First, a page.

US: Entrepreneurs in the Navajo Nation in the Southwestern United States are using Airbnb’s platform to promote their traditional housing to generate further tourism in the region, as reported in The Navajo Times.
The Navajo home, which is more commonly known as the Hogan, is the second largest federally recognised tribe in the United States. According to traditional religion, it was regarded as sacred, and even today, though many Navajo families live in modern houses, the Hogan is still preferred for its aesthetics, stability and cosiness.
Many see this latest venture as an opportunity to boost struggling economic prospects in the Navajo Nation.
Host Vera Yazzie said in an interview with the Navajo Times publication: “I was complaining to a friend in Pennsylvania about how I couldn’t find a job here, and she said, ‘Your property is so unique. Why don’t you list it on Airbnb?’”
At the same time, other hosts view the Airbnb platform as a way to promote the tribe’s unique history and culture to travellers.
One such opportunity is Shash Diné, a ‘glamping’ style eco-retreat listed on Airbnb, which offers a full ‘Navajo Experience’ package, featuring traditional meals, Navajo storytelling, and a personalised tour of the East Rim of the Grand canyon, according to the newspaper.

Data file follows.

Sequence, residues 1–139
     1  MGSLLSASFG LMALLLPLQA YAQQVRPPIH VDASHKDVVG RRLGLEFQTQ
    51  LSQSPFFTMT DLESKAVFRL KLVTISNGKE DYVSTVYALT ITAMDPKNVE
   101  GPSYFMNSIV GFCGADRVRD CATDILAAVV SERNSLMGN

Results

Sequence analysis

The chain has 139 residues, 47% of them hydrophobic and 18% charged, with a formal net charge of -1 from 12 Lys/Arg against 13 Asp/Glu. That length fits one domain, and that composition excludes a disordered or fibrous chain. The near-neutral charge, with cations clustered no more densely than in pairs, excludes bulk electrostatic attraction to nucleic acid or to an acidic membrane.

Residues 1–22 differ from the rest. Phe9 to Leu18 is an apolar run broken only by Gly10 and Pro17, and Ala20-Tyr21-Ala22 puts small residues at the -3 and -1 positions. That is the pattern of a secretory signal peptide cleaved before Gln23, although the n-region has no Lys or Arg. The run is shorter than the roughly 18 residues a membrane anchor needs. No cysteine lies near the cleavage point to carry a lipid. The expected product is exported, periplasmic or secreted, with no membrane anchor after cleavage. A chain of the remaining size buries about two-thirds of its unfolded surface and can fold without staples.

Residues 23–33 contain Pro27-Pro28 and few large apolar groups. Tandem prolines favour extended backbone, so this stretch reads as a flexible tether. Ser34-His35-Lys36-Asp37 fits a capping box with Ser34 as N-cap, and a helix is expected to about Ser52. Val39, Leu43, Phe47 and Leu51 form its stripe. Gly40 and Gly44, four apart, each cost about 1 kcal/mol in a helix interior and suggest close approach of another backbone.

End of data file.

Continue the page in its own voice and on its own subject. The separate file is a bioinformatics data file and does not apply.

Navajo hosts have already begun to reap the benefits of the promotion, with most homes receiving four- to five-star ratings, and some hosts earning super-host status. While some members of the tribe are concerned that, with 30 listings in Monument Valley alone, the market is becoming increasingly saturated, other Airbnb proponents have noted that popular tourist spots, such as Chaco Canyon, within Navajo nation borders are still under-utilised.
With Airbnb introducing its Adventures service in mid 2019 and with experiences bookings growing nearly sevenfold over the first half of 2019, the market for fully packaged short-term rentals, which include things like activities, food, and other experiences, seems to be growing. The Navajo nation has taken those ideas and placed its own culture and landscape front and centre, making use of the short-term rental market for its greatest benefit.